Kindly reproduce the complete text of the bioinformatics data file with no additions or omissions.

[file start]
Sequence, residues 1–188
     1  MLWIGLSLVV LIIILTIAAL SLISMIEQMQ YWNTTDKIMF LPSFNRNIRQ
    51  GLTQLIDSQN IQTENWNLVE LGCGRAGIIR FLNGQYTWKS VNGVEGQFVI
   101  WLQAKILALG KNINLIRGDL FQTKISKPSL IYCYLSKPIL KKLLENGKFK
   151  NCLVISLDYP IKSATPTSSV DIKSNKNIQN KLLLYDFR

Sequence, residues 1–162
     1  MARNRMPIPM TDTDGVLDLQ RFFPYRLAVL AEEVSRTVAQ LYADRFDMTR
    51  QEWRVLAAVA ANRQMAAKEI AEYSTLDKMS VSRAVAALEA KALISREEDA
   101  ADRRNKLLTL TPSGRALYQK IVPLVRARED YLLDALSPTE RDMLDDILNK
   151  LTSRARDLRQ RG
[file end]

Sequence, residues 1–188
     1  MLWIGLSLVV LIIILTIAAL SLISMIEQMQ YWNTTDKIMF LPSFNRNIRQ
    51  GLTQLIDSQN IQTENWNLVE LGCGRAGIIR FLNGQYTWKS VNGVEGQFVI
   101  WLQAKILALG KNINLIRGDL FQTKISKPSL IYCYLSKPIL KKLLENGKFK
   151  NCLVISLDYP IKSATPTSSV DIKSNKNIQN KLLLYDFR

Sequence, residues 1–162
     1  MARNRMPIPM TDTDGVLDLQ RFFPYRLAVL AEEVSRTVAQ LYADRFDMTR
    51  QEWRVLAAVA ANRQMAAKEI AEYSTLDKMS VSRAVAALEA KALISREEDA
   101  ADRRNKLLTL TPSGRALYQK IVPLVRARED YLLDALSPTE RDMLDDILNK
   151  LTSRARDLRQ RG